Here’s a step-by-step practical guide that can help you to understand business analysis tools and offer insights to ensure you evolve as an incisive entrepreneur.
If you are an entrepreneur, creator, store owner, or retailer, then this book is for you. It will help you choose the appropriate path for your company to follow to lead your business to the next level. There are spreadsheets in appendixes that are designed to trigger the right business questions to ask and show how to use basic tools of fundamental mathematics, retail math, business metrics, and financial ratios.
Business-related probability and proportion questions of markup, markdown, and profit margin are included. In addition, the book will give you the understanding for the need-to-know normal curve and its relevance and importance in statistical methods. Extracts:
Hypothesis tests define why you are conducting statistical analysis and what particular meaning the results have for the study being conducted for your company. The findings of the statistical tests answer the business questions that are being researched. However, for this to be accomplished, the objectives of the study need to be clearly defined.
This cannot be emphasized enough. The researcher needs to understand what the storyline is for their research at hand. In other words, what are the business questions, and why are the researchers trying to find answers to those questions in the order and manner that they are doing it? What is the storyline of the journey the business is on, and why is the business trying to find those answers? That is what needs to be defined and delineated. Clear objectives about the motivation of the storyline need to be defined prior to the analysis so that the appropriate data can be collected and the data can be analyzed in the right way with the relevant statistical methods. The work that is done prior to collecting the data and conducting the statistical analysis is the crux of whether the results make any sense at all.
I have seen cases where variables were randomly chosen, the data was collected, and the data was cleaned and scrubbed carefully and then brought to a statistician to be analyzed; however, the business questions were not asked prior to collecting the data. The statistician could not do anything with the data, and the data was deemed worthless, because very few of the business objectives were able to be defined and explained. All that work of collecting the data and no clear and coherent story could be told from those results. How disappointing is that?
There are five steps to follow to determine whether a statistical test is significant, determine whether the results are meaningful, state why the results have a meaning, and determine what that meaning is.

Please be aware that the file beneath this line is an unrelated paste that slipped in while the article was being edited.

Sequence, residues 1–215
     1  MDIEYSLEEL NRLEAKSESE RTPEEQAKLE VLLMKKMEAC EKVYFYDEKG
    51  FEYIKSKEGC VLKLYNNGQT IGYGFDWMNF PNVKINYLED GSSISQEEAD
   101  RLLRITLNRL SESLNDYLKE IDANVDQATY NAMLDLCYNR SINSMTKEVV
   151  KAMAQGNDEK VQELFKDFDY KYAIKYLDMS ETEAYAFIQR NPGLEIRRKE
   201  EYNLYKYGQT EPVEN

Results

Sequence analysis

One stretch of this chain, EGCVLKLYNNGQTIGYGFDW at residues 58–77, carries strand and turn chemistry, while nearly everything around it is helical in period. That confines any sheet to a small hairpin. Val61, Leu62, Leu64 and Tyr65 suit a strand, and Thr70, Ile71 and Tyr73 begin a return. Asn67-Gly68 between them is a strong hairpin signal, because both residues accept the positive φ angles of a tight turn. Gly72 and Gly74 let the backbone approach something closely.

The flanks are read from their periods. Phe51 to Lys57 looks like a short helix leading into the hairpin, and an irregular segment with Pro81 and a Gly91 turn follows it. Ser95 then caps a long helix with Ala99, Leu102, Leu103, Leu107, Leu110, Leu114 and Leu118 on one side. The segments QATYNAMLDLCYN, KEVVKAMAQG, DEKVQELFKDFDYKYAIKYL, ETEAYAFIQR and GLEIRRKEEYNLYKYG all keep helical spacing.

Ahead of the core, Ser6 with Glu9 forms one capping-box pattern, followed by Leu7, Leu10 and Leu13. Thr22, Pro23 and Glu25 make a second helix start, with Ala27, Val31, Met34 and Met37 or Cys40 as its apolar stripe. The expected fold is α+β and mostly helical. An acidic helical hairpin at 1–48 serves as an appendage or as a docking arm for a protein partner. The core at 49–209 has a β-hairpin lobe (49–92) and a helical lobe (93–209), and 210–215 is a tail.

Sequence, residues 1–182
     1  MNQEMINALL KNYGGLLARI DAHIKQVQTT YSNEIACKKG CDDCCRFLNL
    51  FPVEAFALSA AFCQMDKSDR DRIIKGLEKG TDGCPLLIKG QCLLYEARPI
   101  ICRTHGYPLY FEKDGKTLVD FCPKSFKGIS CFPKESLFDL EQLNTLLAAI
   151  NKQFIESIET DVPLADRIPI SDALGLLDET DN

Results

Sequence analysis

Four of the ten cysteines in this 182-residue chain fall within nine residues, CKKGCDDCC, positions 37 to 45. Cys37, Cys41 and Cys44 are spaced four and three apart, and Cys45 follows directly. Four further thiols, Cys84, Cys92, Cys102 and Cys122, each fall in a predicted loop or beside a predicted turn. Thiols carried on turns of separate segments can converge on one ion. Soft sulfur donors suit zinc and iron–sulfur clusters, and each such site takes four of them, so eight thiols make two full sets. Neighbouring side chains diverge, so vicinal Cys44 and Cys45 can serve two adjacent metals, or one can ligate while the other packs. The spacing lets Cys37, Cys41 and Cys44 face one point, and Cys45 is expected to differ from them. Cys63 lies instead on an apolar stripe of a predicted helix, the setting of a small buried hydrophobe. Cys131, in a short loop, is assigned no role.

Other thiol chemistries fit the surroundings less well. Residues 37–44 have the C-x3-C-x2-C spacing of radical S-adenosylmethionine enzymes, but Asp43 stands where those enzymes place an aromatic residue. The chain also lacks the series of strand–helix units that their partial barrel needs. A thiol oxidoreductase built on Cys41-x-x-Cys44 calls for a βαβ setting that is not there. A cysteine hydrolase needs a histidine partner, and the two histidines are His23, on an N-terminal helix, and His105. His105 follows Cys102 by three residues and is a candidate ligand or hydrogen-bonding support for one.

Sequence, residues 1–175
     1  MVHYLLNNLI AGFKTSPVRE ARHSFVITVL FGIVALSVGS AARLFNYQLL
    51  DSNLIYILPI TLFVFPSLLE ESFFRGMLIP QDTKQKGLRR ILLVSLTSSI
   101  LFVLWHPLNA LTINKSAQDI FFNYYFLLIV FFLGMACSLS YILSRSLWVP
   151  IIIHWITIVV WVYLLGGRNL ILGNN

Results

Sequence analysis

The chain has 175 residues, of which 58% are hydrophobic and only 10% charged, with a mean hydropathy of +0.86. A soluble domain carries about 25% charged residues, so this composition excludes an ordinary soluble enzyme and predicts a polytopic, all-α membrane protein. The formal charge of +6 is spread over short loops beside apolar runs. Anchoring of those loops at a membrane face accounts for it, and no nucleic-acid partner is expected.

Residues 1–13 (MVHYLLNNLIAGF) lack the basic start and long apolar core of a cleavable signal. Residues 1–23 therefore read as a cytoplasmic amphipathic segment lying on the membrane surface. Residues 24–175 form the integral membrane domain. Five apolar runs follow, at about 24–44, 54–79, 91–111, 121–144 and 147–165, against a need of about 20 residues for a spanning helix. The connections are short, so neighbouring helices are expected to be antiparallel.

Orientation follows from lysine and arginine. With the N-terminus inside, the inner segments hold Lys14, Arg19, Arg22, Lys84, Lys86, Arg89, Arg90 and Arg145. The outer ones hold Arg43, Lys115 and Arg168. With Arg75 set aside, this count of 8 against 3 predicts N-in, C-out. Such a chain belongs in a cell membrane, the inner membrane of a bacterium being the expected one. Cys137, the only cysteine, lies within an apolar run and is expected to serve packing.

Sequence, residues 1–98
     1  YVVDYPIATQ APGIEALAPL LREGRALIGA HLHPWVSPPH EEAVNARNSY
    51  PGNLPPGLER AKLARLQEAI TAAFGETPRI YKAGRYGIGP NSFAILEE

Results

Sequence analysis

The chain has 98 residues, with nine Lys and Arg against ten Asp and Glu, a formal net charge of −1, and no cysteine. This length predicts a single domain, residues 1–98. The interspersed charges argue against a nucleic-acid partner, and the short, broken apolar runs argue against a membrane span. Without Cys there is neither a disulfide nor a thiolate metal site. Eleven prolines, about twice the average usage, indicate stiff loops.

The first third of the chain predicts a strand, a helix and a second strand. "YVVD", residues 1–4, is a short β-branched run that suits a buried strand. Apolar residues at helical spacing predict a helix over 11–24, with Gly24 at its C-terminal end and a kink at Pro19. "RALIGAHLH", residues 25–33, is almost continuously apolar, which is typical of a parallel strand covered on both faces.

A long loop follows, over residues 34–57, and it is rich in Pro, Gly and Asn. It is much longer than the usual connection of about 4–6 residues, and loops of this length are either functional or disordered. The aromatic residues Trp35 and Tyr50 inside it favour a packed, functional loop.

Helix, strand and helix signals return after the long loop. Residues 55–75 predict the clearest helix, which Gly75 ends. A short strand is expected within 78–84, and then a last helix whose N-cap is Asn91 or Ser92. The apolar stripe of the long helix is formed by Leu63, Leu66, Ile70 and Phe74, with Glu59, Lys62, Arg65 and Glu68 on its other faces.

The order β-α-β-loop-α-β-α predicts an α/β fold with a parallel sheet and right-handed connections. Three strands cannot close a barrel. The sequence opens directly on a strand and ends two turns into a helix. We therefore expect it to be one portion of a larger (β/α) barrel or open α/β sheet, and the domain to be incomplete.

Step 1: The Hypothesis, or Reason for the Business Question
The first step needed with a statistical procedure is to understand what the study’s hypothesis is investigating. You need to have a clear idea of what the project is about and why you are conducting it; clearly know your research questions.
Step 2: Confidence Level
The second step is determining the level of confidence used. The confidence coefficient (1 - alpha) is the probability that the null hypothesis is true, or that there is not enough evidence to reject the null hypothesis.
Step 3: Mathematical Operations and Statistical Formulas
The third step is using the statistical test that was decided on when organizing the data with the research questions in mind and then performing the mathematical operations for those statistical tests. In other words, the data is run through the formula, and all the results are calculated. The statistical tests are essential to know ahead of time in order to have the data configured so that those procedures can be used.
Step 4: Results
The fourth step is stating the results in the order that the results will have on your business. The results need to be laid out so that the story can be told. The next two chapters cover two different types of statistical procedures:, the Pearson correlation and the independent t-test, which will further expand upon this section. Appendix A reviews the different data types that are used for t-tests and Pearson correlations.
Step 5: Descriptive Analysis
The fifth step is elaborating on the results and explaining the conclusions for future studies. This is where graphs are important to use to demonstrate the points of the results and to start putting together the story of the statistics.
All five steps are needed to perform a hypothesis test for different statistics. It cannot be stressed enough how important it is to understand the business question at the beginning of the investigation and to determine the variables that will help answer the research questions before the investigation has begun because this will help with knowing the statistical methods that will be involved. Once the analysis has been conducted, the researcher will notice other areas or questions that they may have for further investigation. In the next chapter, these five steps are used for both a Pearson correlation and independent t-tests.
Rhoda Okunev is an Associate in Professional Studies at Columbia University’s School of Applied Analytics department. Rhoda teaches math and statistics at Nova Southeastern University. Rhoda taught at the Fashion Institute of Technology Continuing Education department in the Retail Analytics department where she created her own Applied Analytics course. She also taught math and statistics at the Fashion Institute of Technology in New York.